After another stop in Boise (the fourth in 3 months!) we headed to eastern Idaho to chill for a few days. We planned to stop in American Falls at Willow Bay but when we pulled in a huge softball tournament was going on. There were cars parked everywhere turning the road into a narrow obstacle course. We barely made it back out of the craziness. Continue reading “Idaho again…”
There you are driving through Idaho’s hills and green fields with snow capped peaks in the distance and then suddenly you end up in this strange land.
Craters of the Moon National Monument has been on our list since the start of this adventure. Since it wasn’t too far off our route to Utah we decided to spend a few days there.
Boy did we luck out. Without knowing it we hit prime wildflower bloom. The Monkeyflower’s entire life cycle (sprout, bloom, seed, wither and die) takes only 3 weeks and we were here for the bloom! Those tiny, pink flowersadded a beautiful contrast to the dark volcanic rock.
This place is really strange, especially for being in the middle of Idaho. It feels more like Hawaii, and in fact all the signs explaining the different types of rock had pictures of lava from Hawaii. Mostly this place reminded us of the lava flow we visited in New Mexico, Valley of Fires, especially on our first night when we walked from the campground to the Trail of Lava.
The next day we drove to the wilderness trail parking area. There were two trails, one to the tree molds which are impressions of trees laying flat in the lava. The other trail said it went to Lava Trees, described as an upright version. I thought this sounded interesting so off we went. The trail started out through some awesome lava rocks, then came into more of a meadow with small cinders, almost like lava rock gravel. The wildflowers seem to love these areas.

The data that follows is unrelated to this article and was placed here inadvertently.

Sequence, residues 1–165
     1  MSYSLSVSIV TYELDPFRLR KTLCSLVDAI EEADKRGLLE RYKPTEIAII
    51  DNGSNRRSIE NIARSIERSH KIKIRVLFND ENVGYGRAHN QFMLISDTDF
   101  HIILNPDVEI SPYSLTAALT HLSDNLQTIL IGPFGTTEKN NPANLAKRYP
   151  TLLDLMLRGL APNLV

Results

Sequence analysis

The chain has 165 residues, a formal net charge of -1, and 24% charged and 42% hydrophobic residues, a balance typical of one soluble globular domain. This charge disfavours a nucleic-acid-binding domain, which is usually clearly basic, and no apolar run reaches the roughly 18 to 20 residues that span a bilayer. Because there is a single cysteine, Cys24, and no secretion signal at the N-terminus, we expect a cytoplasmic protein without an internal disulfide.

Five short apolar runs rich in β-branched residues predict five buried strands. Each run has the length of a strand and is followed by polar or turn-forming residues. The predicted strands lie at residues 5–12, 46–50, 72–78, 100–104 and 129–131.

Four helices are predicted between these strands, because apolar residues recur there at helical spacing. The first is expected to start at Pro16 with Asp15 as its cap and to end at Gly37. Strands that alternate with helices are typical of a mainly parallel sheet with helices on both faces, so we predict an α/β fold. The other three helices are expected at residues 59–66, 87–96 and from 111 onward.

Finally we saw the sign for the lava trees. It wasn’t what I expected, but it was cool. The lava surrounded the tree and as the tree burned the steam cooled the lava enough to harden it into an impression of the tree leaving tree shaped voids.
On our last day we drove the short loop again, this time stopping at several other areas. We skipped the very popular Inferno Cone where lots of visitor’s were hiking up the barren cone and instead stopped at the nearby Spatter Cones area.
After a quick look into the spatter cones we hiked up the steep trail to Big Crater. We had been joking that there were no craters at Craters of the Moon, but after the short steep climb we found the craters! And great views around as well.
It’s a hike that wasn’t really at the top of the ranger recommendations, but was definitely worth it! Our last stop on the loop was Devil’s Orchard, another great area to view wildflowers.
Overall Craters of the Moon was a great stop with much more variety in the lava formations than we had seen at Valley of Fires, plus the wildflowers were gorgeous!